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Former Steeler Greg Lloyd Has Strong Feelings About Today’s NFL And Players

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PITTSBURGH, UNITED STATES: Cleveland Browns quaterback Vinny Testaverde (R) eludes the pass rush from the Pittsburgh Steelers Greg Lloyd, 18 December 1994, during the second half of their NFL game at Three River Stadium in Pittsburgh, Pennsylvania. The Steelers won the game 17-7 to improve their record to 12-3, winning the AFC Central Division. (Photo credit should read JEFF HAYNES/AFP/Getty Images)

PITTSBURGH, UNITED STATES: Cleveland Browns quaterback Vinny Testaverde (R) eludes the pass rush from the Pittsburgh Steelers Greg Lloyd, 18 December 1994, during the second half of their NFL game at Three River Stadium in Pittsburgh, Pennsylvania. The Steelers won the game 17-7 to improve their record to 12-3, winning the AFC Central Division. (Photo credit should read JEFF HAYNES/AFP/Getty Images)

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PITTSBURGH (93-7 The FAN) – Former Steeler Greg Lloyd finds a number of ways to keep himself busy these days from studying Tae Kwon Do in South Korea to playing golf with controversial former Major League Baseball reliever John Rocker, But he took time from all that to talk with Starkey, Miller and Mueller in-studio about his thoughts on the NFL today.

“I still bleed black and gold, but at the end of the day, I had an opportunity to coach a year in Tampa Bay and it’s across the league, it’s not just in Tampa Bay, but the guys are not truly football players anymore,” he said.  “Some of it’s not their fault, but a lot of it is.  Somebody calls up a rule change, and I’m not a [Roger] Goodell fan, so if he wants to fine me, tell him to come down to Atlanta and he can fine me all he wants to.  Football is played between the lines, and it’s a violent game.  It’s meant to be violent.  It’s supposed to be head on collisions.”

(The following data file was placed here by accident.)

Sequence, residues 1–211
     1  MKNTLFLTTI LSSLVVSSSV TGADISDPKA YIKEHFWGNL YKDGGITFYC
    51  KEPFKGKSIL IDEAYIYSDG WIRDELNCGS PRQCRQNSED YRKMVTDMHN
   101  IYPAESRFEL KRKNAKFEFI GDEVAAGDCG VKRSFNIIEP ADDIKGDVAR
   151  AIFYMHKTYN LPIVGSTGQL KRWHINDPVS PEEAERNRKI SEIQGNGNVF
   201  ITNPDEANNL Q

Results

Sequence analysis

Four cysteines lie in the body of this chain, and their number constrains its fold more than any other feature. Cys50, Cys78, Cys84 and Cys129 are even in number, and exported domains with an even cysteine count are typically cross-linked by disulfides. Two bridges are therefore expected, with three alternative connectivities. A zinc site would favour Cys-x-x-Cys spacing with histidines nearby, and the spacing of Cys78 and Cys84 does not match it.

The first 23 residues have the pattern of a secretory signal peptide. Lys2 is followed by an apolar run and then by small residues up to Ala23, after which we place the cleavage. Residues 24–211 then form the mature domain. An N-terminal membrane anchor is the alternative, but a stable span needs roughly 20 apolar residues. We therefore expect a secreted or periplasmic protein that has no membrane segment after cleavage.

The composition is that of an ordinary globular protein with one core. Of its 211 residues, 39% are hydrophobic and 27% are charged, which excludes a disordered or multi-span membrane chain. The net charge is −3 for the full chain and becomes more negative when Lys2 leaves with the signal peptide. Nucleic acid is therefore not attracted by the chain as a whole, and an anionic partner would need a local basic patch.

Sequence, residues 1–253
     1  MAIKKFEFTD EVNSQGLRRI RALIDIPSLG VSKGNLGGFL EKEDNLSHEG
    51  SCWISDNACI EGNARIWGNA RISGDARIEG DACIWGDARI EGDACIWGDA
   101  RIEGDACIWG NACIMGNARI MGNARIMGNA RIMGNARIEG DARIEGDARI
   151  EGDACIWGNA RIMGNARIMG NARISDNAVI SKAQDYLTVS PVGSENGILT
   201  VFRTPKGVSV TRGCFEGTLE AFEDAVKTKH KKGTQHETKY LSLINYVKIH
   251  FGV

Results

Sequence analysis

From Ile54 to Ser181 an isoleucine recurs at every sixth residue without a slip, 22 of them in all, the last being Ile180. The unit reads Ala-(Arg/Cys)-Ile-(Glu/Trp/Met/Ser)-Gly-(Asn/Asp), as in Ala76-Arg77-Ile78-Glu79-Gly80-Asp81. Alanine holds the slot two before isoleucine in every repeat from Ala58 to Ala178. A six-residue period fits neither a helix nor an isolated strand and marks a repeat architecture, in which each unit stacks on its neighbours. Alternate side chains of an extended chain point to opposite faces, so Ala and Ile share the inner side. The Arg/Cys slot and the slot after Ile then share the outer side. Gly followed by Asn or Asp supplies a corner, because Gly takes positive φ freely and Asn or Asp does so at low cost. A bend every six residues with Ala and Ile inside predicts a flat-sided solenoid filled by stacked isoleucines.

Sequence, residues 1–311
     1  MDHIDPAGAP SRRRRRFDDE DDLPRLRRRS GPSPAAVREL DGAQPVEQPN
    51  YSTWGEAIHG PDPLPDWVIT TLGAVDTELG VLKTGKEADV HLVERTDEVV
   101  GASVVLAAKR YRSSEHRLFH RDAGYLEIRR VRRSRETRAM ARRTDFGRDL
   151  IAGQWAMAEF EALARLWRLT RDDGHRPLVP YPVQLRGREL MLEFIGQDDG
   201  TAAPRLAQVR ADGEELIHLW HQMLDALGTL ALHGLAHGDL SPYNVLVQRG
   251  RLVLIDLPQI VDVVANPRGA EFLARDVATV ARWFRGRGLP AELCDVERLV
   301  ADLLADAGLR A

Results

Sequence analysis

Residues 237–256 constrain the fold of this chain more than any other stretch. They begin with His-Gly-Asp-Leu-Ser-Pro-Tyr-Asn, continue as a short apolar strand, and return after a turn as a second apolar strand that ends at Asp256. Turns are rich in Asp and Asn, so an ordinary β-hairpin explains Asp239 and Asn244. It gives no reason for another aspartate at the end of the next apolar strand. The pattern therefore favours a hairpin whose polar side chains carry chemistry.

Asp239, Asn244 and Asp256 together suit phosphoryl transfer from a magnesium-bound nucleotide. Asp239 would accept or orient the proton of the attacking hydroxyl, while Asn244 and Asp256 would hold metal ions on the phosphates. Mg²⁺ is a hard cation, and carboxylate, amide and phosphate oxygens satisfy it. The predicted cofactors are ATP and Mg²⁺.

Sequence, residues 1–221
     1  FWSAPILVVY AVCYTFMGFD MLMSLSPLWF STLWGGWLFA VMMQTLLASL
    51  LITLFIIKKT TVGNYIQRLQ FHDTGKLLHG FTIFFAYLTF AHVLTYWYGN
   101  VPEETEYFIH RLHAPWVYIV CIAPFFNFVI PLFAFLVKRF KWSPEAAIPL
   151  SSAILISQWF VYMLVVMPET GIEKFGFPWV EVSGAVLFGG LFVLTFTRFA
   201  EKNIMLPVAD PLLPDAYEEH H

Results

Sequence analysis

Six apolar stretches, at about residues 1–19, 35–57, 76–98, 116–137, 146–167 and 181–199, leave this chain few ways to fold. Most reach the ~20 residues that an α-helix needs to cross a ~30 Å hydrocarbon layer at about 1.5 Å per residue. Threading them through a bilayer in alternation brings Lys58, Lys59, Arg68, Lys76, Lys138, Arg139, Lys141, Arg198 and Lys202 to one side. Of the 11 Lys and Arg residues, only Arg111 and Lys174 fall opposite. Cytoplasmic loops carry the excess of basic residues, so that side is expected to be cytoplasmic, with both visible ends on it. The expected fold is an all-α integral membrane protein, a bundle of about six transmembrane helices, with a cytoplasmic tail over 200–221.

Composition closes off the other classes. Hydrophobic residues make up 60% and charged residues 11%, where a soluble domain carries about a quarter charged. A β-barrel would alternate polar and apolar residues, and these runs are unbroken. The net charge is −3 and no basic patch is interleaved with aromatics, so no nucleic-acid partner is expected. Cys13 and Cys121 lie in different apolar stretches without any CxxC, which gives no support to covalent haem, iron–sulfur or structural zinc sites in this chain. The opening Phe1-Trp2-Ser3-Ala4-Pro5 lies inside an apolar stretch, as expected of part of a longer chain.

Lloyd has a very distinct view of how football used to be played and how it’s played today.  He told us about that and what makes the players different.

“Not so much (how we) trained, but also how we studied,” he said.  “The guys don’t study the game the way we studied it.  We were in before the coaches got in, and we were sometimes the last to leave.  Today, it’s like, ‘I can’t wait till this practice is over with so I can go get in my nice car and drive my nice car and let everybody hear how fast it is because their mind is on the wrong thing.”

Lloyd also talks about the concussion issue in football today and how their practices used to be so physical that they’d suffer concussions there before even stepping onto the field for a game.

“When we played, we got concussions in practice.  In 1987-1988 when Chuck Noll was still head coach there, we had goal line and short yardage and practice on Friday, one versus one, live.  Coach Noll would say, ‘We’re not going in until the offense scores;’ and defensively we’re saying, ‘We’re going to be out here all night, cause we’re not just going to let them score.’  So how many concussions you think went down?  Now it’s like, you go up there and the word is called ‘thud.’  A thud is not a tackle.”

Things wrapped up with Lloyd discussing the accountability between players during his playing days that is missing from today’s game, how he has turned his competitive juices towards golf and what it’s like playing with former MLB reliever John Rocker.

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